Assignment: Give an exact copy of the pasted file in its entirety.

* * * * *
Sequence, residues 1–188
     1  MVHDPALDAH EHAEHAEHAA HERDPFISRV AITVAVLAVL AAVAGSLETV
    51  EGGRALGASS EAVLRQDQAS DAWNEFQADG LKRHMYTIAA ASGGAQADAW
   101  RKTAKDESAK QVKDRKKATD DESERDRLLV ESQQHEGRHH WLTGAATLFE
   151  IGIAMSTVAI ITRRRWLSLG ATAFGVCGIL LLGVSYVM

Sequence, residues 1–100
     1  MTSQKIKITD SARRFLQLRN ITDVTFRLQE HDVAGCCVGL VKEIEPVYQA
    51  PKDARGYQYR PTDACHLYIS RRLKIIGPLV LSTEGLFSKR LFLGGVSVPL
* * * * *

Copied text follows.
Sequence, residues 1–188
     1  MVHDPALDAH EHAEHAEHAA HERDPFISRV AITVAVLAVL AAVAGSLETV
    51  EGGRALGASS EAVLRQDQAS DAWNEFQADG LKRHMYTIAA ASGGAQADAW
   101  RKTAKDESAK QVKDRKKATD DESERDRLLV ESQQHEGRHH WLTGAATLFE
   151  IGIAMSTVAI ITRRRWLSLG ATAFGVCGIL LLGVSYVM

Sequence, residues 1–100
     1  MTSQKIKITD SARRFLQLRN ITDVTFRLQE HDVAGCCVGL VKEIEPVYQA
    51  PKDARGYQYR PTDACHLYIS RRLKIIGPLV LSTEGLFSKR LFLGGVSVPL